Though they are not fully approved yet for treatment, Health Canada has recently issued a statement with the intent of revising the Special Access Programme, which allows individuals to access other regulated substances for the treatment of various health issues if other means have failed. We are in the process of collecting the information of potential candidates for applications for these treatments, should the revision to the SAP go through in early 2021.

  • What is Psychedelic-Assisted Psychotherapy?

    Psychedelic assisted-psychotherapy (PAP) is a form of psychotherapy that involves the use of psychedelic substances such as psilocybin, MDMA and ketamine for the purpose of facilitating therapeutic breakthroughs and insight.

    It is a broad term that encompasses a number of different approaches and protocols using psychedelics, and which has been practiced in the Western medical model since the 1950s. Though psychedelics like LSD showed promise as therapeutic agents in those early years, a period of prohibition starting in the 1960s and through the early 2000s significantly hindered the research and development of these modalities.

    The last decade has seen a significant body of encouraging research supporting the efficacy of PAP for a number of mental health issues, especially depression, anxiety, addiction, and PTSD. Though most psychedelics are still regulated substances, the legal and medical landscape is changing quickly, and more treatment options are starting to become available to the general public.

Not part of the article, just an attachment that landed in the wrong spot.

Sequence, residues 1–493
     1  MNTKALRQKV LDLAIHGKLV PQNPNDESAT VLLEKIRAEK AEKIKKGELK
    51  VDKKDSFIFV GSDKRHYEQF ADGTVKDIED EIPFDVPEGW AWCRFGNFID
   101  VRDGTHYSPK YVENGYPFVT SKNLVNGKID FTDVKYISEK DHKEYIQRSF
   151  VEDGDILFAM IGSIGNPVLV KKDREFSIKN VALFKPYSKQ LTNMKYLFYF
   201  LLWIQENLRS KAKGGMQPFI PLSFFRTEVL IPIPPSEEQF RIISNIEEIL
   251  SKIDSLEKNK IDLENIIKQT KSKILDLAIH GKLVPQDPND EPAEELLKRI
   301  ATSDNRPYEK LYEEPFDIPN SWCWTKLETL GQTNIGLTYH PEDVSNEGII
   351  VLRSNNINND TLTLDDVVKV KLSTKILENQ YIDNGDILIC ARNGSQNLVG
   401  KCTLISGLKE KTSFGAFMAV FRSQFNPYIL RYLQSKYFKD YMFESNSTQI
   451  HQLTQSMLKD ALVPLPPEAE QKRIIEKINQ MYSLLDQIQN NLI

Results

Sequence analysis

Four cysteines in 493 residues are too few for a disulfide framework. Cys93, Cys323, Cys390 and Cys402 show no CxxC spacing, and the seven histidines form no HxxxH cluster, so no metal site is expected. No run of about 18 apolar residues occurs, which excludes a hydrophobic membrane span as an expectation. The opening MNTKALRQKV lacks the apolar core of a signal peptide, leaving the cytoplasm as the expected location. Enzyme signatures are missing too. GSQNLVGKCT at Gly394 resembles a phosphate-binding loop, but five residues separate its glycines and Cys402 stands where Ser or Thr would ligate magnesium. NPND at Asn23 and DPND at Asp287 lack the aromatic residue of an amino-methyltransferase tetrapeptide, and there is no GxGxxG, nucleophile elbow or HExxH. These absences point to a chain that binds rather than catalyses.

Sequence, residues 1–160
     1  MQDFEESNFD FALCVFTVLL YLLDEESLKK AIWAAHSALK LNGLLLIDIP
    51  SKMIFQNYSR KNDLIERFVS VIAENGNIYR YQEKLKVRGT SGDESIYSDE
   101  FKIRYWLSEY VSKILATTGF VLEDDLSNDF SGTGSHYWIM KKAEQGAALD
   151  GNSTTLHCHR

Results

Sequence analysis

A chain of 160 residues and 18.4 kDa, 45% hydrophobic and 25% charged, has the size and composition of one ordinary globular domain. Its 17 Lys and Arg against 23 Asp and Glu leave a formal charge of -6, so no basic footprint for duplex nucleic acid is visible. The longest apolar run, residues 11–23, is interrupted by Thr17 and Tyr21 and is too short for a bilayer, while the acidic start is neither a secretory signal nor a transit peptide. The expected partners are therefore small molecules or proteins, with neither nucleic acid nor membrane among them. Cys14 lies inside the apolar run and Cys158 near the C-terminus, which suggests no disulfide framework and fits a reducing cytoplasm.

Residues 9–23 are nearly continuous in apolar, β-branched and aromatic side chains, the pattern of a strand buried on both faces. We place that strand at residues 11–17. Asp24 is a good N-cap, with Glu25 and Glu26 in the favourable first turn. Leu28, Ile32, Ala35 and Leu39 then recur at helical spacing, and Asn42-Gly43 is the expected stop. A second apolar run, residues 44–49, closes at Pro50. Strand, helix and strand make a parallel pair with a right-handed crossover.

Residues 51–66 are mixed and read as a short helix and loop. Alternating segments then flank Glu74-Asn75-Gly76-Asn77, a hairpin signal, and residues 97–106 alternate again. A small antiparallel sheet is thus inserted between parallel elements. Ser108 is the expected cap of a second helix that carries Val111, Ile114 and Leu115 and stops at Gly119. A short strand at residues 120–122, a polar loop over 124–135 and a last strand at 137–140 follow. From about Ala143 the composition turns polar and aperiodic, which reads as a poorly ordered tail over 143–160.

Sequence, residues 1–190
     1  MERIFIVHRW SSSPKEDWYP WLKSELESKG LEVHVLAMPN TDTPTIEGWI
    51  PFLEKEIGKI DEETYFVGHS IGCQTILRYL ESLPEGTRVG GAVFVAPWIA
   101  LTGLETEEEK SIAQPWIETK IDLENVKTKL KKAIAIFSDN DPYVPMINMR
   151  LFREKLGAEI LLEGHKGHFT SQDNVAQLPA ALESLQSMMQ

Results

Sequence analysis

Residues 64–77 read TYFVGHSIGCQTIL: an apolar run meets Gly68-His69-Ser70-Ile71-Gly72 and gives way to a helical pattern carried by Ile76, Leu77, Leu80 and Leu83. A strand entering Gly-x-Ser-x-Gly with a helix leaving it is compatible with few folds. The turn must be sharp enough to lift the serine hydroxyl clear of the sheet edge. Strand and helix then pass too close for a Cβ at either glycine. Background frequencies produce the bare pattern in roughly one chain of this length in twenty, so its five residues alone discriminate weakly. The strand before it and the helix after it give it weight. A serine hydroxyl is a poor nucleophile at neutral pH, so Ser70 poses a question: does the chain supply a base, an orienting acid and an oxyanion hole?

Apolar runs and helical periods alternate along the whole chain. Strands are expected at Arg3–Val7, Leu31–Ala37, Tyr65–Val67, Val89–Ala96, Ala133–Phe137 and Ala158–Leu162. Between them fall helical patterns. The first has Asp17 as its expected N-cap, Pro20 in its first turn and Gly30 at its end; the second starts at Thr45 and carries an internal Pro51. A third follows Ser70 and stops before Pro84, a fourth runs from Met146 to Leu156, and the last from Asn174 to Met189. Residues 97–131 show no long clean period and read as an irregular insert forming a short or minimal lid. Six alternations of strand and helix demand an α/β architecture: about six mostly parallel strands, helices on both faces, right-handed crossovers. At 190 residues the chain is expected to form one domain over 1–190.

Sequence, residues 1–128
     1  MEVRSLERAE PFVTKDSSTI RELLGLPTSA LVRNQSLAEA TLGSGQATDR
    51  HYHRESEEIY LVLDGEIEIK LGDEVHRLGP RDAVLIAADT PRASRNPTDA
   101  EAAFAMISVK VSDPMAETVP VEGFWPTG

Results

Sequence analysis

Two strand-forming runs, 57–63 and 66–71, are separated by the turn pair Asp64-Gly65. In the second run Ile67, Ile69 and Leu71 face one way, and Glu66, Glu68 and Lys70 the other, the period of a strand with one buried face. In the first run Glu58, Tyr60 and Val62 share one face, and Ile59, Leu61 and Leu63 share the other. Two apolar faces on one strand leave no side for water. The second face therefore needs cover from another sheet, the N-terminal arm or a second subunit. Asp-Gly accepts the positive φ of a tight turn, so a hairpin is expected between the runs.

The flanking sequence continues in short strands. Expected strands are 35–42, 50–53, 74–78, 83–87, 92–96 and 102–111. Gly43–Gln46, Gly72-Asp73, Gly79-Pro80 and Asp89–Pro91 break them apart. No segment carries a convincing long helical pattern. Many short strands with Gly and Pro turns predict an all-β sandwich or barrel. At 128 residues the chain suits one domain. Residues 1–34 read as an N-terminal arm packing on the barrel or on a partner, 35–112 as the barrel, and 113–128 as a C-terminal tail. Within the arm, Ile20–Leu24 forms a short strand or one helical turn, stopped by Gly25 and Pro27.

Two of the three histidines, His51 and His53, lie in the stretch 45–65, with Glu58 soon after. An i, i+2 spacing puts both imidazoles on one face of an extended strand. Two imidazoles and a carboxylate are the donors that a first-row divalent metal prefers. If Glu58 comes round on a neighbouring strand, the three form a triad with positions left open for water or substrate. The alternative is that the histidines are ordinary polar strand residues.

• What is Psychedelic Harm-Reduction and Integration (PHRI)?

    Psychedelic harm reduction and integration (PHRI) is a therapeutic framework and form of psychoeducation for addressing various kinds of psychedelic use. It brings together harm reduction practices around substance use more generally, and an emphasis on the importance of “integration” work around psychedelic use more specifically.

    It does not involve the prescription, administration or supervision of psychedelic drugs or experiences; rather, it represents the support that a therapist or coach might provide to an individual who has had or intends to have psychedelic experiences on their own, outside of therapy. For example, an individual who is interested in using psilocybin mushrooms to help them quit smoking may seek the support of a PHRI therapist to help them plan for experiences they undertake on their own, to minimize risks and increase the likelihood of positive therapeutic outcomes, including through integration sessions following these experiences.

    PHRI therapists do not refer clients to underground therapists, and are in no way involved with the sourcing of psychedelic substances, nor do they conduct therapy while individuals are under the influence of psychedelics.

  • What is ketamine?